One of the world’s leading humanitarian agencies is withdrawing from a conflict-torn region of Cameroon after the government banned it from providing health care to thousands of people who have no other care.
Médecins sans frontières (Doctors Without Borders, or MSF) announced on Tuesday that it is pulling out of the North-West Regionof Cameroon, one of two anglophone regions where nearly a million people have fled their homes because of fighting between government forces and armed separatists.
“We cannot stay any longer in a region where we are not allowed to provide care to people,” said Emmanuel Lampaert, the MSF operations co-ordinator for Central Africa.
“This suspension significantly reduces access to medical services in an area where communities are badly affected by armed violence,” he said in a statement. “The people are paying a very heavy price for this situation.”
More than 3,000 people have been killed in the two regions since fighting erupted in late 2016. Dozens of battles have been reported in the past two months in the latest surge of violence. Health clinics and ambulances were among the services forced to close as a result, leaving many people dependent on groups such as MSF.
Cameroon’s authoritarian government ordered MSF to suspend its activities in the North-West Region last December, after a series of accusations that the humanitarian agency was supporting local armed groups in the region. MSF repeatedly denied the allegations over several months of efforts to overturn the suspension.
Government accusations against humanitarian agencies are becoming increasingly common in global conflict zones. This week, the Ethiopian government ordered a halt in the activities of two aid agencies – the Dutch branch of MSF and the Norwegian Refugee Council – that have been providing support to thousands of people in the war-ravaged Tigray region.
Ethiopian officials have repeatedly alleged that aid workers are transporting weapons to Tigrayan rebels. The United Nations aid chief, Martin Griffiths, said on Tuesday that the accusations are dangerous and must stop.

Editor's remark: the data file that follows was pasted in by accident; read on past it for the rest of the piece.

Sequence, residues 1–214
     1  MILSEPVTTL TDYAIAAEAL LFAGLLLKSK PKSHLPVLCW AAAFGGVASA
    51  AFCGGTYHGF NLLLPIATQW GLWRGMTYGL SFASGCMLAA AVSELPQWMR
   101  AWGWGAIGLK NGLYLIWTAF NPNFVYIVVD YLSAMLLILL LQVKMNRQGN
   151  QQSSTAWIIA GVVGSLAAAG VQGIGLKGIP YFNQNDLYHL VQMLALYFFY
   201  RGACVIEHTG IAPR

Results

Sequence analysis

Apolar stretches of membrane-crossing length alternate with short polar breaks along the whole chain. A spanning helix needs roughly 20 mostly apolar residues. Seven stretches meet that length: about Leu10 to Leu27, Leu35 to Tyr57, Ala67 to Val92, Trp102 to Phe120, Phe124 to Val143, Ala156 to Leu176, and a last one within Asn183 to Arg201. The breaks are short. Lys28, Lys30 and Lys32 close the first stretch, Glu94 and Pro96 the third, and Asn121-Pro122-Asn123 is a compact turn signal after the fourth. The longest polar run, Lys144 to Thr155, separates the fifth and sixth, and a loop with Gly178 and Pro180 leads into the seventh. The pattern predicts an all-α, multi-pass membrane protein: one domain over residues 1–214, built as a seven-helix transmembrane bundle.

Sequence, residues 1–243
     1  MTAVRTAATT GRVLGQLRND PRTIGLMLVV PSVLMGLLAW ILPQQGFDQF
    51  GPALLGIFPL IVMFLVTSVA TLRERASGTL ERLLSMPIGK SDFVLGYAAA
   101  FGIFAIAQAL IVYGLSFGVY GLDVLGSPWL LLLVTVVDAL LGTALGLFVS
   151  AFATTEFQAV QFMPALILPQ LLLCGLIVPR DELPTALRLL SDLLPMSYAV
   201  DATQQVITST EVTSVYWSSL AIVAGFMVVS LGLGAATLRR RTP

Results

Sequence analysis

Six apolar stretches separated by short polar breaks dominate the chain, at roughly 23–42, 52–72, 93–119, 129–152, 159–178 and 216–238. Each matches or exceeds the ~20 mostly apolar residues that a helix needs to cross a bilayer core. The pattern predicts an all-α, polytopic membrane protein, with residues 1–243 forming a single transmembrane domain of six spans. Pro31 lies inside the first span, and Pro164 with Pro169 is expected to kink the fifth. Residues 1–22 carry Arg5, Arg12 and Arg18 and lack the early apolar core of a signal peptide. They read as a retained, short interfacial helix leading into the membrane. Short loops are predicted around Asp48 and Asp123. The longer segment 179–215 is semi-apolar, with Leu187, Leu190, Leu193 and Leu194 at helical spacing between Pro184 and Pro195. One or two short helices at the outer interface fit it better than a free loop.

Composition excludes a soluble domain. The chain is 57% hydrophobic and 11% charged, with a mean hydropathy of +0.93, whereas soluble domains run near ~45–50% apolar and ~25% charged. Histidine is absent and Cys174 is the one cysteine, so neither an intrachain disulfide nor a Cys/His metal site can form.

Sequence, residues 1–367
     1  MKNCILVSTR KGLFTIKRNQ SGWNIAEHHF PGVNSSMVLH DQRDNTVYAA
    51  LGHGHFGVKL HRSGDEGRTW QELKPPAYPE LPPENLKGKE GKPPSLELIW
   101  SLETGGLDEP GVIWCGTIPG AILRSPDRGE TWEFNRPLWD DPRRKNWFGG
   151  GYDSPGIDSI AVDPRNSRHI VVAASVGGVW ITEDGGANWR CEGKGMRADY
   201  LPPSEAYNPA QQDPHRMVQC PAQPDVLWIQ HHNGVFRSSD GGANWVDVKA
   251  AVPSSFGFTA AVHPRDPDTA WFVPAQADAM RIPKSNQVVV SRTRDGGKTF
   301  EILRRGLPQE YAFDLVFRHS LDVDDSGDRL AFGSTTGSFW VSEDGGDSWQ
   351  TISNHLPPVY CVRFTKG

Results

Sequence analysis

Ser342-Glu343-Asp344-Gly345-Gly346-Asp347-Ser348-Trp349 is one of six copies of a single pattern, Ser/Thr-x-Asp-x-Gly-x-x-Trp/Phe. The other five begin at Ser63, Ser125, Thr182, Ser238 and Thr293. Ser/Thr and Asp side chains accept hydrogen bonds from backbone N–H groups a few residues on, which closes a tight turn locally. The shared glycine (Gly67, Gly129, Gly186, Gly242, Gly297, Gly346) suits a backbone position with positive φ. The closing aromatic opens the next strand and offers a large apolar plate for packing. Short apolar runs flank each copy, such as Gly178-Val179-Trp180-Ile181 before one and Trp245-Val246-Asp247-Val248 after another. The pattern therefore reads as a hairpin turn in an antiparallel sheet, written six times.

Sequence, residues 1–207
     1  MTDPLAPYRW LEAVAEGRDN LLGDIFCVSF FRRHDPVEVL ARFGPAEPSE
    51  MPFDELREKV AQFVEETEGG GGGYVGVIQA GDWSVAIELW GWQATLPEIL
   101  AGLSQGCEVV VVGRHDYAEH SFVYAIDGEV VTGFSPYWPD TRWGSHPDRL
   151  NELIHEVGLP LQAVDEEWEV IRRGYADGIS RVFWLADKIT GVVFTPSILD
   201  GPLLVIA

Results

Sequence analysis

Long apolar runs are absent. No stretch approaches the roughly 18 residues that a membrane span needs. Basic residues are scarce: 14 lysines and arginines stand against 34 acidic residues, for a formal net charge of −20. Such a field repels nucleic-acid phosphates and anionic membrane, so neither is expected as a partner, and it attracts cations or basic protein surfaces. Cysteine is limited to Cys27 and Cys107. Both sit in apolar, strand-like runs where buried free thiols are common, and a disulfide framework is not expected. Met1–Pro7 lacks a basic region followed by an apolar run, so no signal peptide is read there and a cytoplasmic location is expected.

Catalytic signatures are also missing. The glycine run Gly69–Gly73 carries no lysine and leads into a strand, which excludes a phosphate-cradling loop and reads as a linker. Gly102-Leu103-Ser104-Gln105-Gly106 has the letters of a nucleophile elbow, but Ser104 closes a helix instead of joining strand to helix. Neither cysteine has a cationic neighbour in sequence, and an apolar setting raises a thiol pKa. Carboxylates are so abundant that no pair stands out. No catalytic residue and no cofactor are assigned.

In conflict zones, humanitarian agencies are often the only source of medical services for many people. In Cameroon’s anglophone regions, an estimated one-fifth of all health facilities have stopped functioning because of the crisis.
A report by the Safeguarding Health in Conflict Coalition found that attacks on health clinics, as well as arrests and kidnappings of health workers, were on the rise last year in Cameroon – citing 17 such incidents compared with eight in the previous year.
“From kidnapping and threats, to acts of violence in medical facilities, it’s clear that the space afforded to medical workers and humanitarians is shrinking,” MSF said in a report from Cameroon last month. “Since MSF began operating an ambulance service in the North-West and South-West regions in 2018, the nurses, drivers and patients in the ambulances have regularly been harassed, threatened and intimidated by armed men.”
In the North-West region, MSF was providing the only free around-the-clock ambulance service, and it was one of the few agencies providing free medical care to tens of thousands of people. Last year alone, its teams performed 3,272 surgical operations, transported 4,407 people by ambulance, treated 180 survivors of sexual violence, and supported more than 42,500 consultations by community health workers.
In a report this week, Human Rights Watch said the recent surge of battles between government forces and armed separatists has led to a rise in abuses by both sides. In a two-day period in early June, for example, Cameroonian security forces killed two civilians, raped a 53-year-old woman, and destroyed and looted at least 33 homes and shops, the report said. It described how the security forces had ransacked and desecrated the palace of a traditional leader in one village.
In separate attacks in recent weeks, armed separatists killed a 12-year-old boy and a 51-year-old teacher and kidnapped four humanitarian workers, Human Rights Watch said.
Amnesty International, in a report last week, provided satellite images of several villages burned or destroyed by attackers, leaving dozens of civilians dead.
The fighting has continued unabated for three years, “with civilians bearing the brunt of unlawful killings, kidnappings and widespread destruction of houses and villages,” Amnesty said. “Government intervention has been limited, and there has been near-complete silence from the international community.”
In Canada, petitioners have sent letters to Parliament, calling for sanctions against Cameroonian leaders implicated in the violence. The Canadian government has responded that it is deeply concerned by the violence in Cameroon and has encouraged the Cameroonian authorities to take steps towards a negotiated solution.
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